It was an intensive two days for members and allies. For many, it was considered the outstanding convention of the last five years- a time of growth in membership, excellent new contracts, solidarity among members and allies, and a presence in a movement to make a more equal and just society. “NYNSA’s in the house!”
A salute to brave Utah nurse
Alex Wubbels, RN, University of Utah Hospital, faced a serious dilemma: would she follow hospital protocols that protected patients, or accede to the improper demands of a local Salt Lake City police officer? Wubbels’ patient was admitted to the hospital’s burn unit after his car was caught up in a chase—not in pursuit of him, but of another man, i.e., her patient was not a suspect. He was unconscious and Detective Jeff Payne demanded that blood be drawn from him.
Wubbels gave Payne a copy of hospital policy which stated clearly that blood could be drawn only with a patient’s permission or by court order, unless the patient was under arrest. Payne cast aside the policy document and handcuffed Wubbels, dragging her from her Unit to a police car. Wubbels was never arrested. Payne was later fired.
Anthony Ciampa, RN and Second Vice President of NYSNA, interviewed Wubbels live via skype during the Convention (photo above). Here’s an excerpt:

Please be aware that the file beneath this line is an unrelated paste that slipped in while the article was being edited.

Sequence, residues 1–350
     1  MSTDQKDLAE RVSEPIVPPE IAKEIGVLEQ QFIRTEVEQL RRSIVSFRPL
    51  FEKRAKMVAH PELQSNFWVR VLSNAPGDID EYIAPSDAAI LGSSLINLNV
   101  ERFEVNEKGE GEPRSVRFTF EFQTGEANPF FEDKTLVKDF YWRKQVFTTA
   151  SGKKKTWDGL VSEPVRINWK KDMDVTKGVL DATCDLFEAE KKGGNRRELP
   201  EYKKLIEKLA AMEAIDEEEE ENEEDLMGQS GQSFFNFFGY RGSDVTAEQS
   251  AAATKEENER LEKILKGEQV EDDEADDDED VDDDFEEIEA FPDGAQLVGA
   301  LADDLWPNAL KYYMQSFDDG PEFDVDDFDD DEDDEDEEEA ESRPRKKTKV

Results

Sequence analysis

AC: So, you showed the police written hospital policy that protected the unconscious patient. Did they pay attention? Did they read it? Did they listen to you?
AW: Clearly, no…. I attempted to show it to the Officer in an effort to help him understand that I was trying to facilitate the right thing.
AC: Has anything like this ever happened to you before?
AW: No. As nurses, we all know what it means when we say “the pucker factor.” I was definitely nervous. I had told the charge nurse in the emergency department that I was scared. But I also knew that it didn’t benefit the situation to show fear…. I tried to do the best I could. Just like any one of us as nurses: we do that every day. Every day we show up at work and we just try to be and do the best we can for the patients.
Convention honors Anne Bové, RN
She has worked tirelessly as an advocate for our profession, for our community, and always, ALWAYS, as an advocate for our patients.
There is no greater role model for professional nursing and I am so lucky to know Anne as a colleague, mentor, and friend.
As she’s retiring for Bellevue (but not yet, because you’re still on payroll!), it’s only fitting that we recognize Anne formally at this convention.
Anne, from the bottom of my heart, and behalf of everyone here, thank you.
Therefore, I move that the 2017 NYSNA convention honor Anne Bové for her over 40 years of dedicated service to the NY public health system, our patients, and our union.
Todd Schultz, RN, LBU President, Bellevue Hospital, on a motion before the NYSNA Voting Body, October 12, 2017